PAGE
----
There is a small cubby hole at the void deck in a nearby block for small businesses to sell stuff.
I swear it’s jinxed.
I have seen so many players come and go. They start with a nice signboard, fully-stocked with mainly home provisions and a chirpy uncle or auntie in charge. Over the months, the store will become dingy looking and you can tell that the stock didn’t “move’’ much. Then the stall holder will start opening later and later or at odd hours – before the shutters fall for good. A 7-11 even took over the place once. It lasted longer than the rest before giving up. The place now seems to have been taken over by a tuition centre. May it last.
Location, as they say, is everything. The mama shops under the blocks near schools look like they are thriving. Students buy snacks from them on their way home. But householders would go to the bigger places to buy items on sale or in economy-size packs – rather than patronise a standalone shop with limited varieties of wares. That is, unless they are in dire need of cigarettes or a carton of drinks for unexpected guests.
There are about 140 shops operating in the void deck space within my neighbourhood. In addition, there are about 30 operated by various agencies. They include 8 childcare centres, 8 centres for seniors and 6 Residents’ Committees.
It’s quite usual to see a queue of uniformed toddlers holding hands going past the senior citizens’ centre. I wonder why I have never seen both age groups mix in some way – even during pre-Covid days. Perhaps, their respective daily schedules are filled to the brim.
(This is a digression. I don’t see why, however, the kids and the elderly can’t do some activities together, like painting and colouring. I’m sure the old folk would be delighted for young company and the young ones won’t begin to see the elderly as a whole different species of humankind. We want to be “inclusive’’ don’t we?)
Then comes the use of void-deck space for religious gatherings, weddings and funerals. You have a Malay wedding at one block and a Chinese funeral might well be taking place in the neighbouring block. You hear the beating of kompangs in the morning and the clicking of mahjong tiles in the dead of night. You see the joyful procession of the bridal party and the woeful sendoff for the beloved dead.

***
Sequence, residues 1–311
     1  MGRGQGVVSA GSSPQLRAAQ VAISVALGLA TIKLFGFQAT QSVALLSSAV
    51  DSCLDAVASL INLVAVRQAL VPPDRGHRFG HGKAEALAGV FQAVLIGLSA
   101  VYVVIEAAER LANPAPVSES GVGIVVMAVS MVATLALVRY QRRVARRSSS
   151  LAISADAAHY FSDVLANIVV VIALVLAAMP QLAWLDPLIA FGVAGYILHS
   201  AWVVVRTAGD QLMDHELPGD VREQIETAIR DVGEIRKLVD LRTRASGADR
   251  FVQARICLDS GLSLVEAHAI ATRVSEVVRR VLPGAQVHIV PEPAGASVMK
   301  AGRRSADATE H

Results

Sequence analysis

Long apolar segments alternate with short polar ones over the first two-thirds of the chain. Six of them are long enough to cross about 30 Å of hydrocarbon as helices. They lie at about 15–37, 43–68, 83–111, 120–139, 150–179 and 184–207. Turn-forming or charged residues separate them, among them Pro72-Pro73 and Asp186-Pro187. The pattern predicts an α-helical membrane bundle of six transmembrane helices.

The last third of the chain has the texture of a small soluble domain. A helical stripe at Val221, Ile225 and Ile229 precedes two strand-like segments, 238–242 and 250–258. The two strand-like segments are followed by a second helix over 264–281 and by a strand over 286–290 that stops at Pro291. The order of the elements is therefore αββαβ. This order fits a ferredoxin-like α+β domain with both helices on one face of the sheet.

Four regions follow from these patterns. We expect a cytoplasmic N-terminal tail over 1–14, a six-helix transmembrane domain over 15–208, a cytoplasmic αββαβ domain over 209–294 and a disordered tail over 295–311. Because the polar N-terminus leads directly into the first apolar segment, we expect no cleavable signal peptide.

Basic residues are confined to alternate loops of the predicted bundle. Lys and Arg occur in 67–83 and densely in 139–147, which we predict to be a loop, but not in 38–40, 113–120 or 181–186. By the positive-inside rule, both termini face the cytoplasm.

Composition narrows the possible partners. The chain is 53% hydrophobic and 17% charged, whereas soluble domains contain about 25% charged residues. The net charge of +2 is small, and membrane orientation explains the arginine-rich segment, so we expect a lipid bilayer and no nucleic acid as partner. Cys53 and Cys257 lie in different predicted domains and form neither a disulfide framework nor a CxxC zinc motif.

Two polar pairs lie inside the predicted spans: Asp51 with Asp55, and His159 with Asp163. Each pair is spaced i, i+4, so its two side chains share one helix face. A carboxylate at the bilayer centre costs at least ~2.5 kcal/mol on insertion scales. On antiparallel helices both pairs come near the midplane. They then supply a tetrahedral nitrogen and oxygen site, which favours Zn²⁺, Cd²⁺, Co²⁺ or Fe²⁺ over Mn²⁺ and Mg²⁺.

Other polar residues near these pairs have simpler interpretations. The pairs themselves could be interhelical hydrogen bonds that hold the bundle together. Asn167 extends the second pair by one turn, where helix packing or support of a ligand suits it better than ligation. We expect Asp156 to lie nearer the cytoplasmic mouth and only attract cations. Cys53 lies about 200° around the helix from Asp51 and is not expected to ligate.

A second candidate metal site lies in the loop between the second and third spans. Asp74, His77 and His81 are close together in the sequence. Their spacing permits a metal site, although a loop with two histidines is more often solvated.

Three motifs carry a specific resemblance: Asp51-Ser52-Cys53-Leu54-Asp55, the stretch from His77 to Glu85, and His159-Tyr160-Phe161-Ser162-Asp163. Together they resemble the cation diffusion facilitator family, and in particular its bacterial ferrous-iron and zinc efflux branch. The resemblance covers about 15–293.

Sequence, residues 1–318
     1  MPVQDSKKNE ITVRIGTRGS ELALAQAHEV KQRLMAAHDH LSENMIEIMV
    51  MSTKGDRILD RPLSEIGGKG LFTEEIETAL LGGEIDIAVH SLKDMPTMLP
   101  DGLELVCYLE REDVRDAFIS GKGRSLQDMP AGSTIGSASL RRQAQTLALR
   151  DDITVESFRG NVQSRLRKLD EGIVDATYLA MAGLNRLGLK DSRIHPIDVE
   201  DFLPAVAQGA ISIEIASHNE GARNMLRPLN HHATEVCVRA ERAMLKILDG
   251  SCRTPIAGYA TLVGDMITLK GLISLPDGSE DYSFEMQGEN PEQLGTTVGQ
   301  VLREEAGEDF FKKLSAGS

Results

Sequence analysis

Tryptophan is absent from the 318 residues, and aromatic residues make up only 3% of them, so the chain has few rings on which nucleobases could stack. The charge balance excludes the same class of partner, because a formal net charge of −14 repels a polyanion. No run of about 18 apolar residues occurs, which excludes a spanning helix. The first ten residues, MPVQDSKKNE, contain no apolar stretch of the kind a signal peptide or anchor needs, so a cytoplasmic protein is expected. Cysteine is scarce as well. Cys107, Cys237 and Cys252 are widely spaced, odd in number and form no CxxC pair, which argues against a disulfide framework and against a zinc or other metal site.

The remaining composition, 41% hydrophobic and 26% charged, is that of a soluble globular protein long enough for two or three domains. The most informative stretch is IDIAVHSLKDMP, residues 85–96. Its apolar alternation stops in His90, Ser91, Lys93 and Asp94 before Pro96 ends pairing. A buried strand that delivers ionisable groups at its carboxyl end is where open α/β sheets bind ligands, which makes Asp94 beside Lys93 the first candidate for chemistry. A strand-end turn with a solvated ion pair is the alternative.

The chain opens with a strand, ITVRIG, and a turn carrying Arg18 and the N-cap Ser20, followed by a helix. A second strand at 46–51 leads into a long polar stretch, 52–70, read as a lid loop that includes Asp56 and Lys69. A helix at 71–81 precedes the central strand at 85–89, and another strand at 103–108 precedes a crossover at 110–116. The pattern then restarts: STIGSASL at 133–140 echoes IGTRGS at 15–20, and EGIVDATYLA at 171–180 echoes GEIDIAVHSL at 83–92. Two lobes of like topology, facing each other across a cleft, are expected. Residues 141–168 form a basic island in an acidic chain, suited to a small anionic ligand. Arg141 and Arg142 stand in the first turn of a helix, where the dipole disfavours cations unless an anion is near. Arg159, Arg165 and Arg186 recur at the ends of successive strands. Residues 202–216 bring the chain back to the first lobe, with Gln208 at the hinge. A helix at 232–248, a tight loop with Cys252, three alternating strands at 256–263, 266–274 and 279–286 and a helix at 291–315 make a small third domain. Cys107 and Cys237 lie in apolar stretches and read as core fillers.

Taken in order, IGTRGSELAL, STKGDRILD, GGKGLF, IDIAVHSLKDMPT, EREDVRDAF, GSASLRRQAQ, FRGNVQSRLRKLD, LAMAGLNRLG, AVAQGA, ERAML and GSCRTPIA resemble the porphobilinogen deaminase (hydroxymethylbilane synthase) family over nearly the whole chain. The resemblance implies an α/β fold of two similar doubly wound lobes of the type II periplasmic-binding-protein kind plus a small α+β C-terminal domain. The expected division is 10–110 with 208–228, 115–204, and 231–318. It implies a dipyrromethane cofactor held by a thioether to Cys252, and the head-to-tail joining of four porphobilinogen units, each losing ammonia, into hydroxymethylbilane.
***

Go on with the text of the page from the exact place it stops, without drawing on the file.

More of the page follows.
We have taken for granted our amazing cultural diversity which manages to exist even where people live in such close quarters and should be getting on each other’s nerves. A household might be having a prayer meeting in the night while there’s some Buddhist chanting nearby. You can smell curry as well as durian and incense being burnt. The HDB heartland is a feast for the senses.
It pains me, therefore, when people are intolerant of the cultural practices of others. Instead of engaging each other, they prefer to complain to someone else or get their own back in some way. (Remember the Chinese neighbour beating the gong while the Indian neighbour was ringing the bell?) This is how racism develops, especially if there are children in the household looking to their parents as role models.
I think the Ethnic Integration Policy (EIP), whatever the financial drawbacks, has helped in forcing people to understand there is an unwritten code for living in a multicultural society. While we want to live our lives in our own way, we need to bear in mind that others want to do the same too. Even as we take, we must give. Every Friday, my mother smokes the house with incense as part of a Catholic ritual. I am glad to say that not a single time in the last 40 years have I heard any complaint about the smell of the incense. Nor about the sound of spices being pounded, or the occasional rowdiness when relatives gather.